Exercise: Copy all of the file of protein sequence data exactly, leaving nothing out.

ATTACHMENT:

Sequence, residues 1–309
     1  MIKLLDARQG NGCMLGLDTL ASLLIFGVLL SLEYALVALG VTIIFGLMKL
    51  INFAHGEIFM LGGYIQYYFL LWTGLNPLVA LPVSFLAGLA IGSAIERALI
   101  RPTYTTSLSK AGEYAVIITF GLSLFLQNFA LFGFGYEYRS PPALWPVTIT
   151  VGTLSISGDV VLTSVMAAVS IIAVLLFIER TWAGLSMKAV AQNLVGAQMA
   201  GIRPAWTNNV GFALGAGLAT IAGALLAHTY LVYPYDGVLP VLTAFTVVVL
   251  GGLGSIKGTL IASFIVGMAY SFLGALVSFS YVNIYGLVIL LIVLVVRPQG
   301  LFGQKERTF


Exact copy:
Sequence, residues 1–309
     1  MIKLLDARQG NGCMLGLDTL ASLLIFGVLL SLEYALVALG VTIIFGLMKL
    51  INFAHGEIFM LGGYIQYYFL LWTGLNPLVA LPVSFLAGLA IGSAIERALI
   101  RPTYTTSLSK AGEYAVIITF GLSLFLQNFA LFGFGYEYRS PPALWPVTIT
   151  VGTLSISGDV VLTSVMAAVS IIAVLLFIER TWAGLSMKAV AQNLVGAQMA
   201  GIRPAWTNNV GFALGAGLAT IAGALLAHTY LVYPYDGVLP VLTAFTVVVL
   251  GGLGSIKGTL IASFIVGMAY SFLGALVSFS YVNIYGLVIL LIVLVVRPQG
   301  LFGQKERTF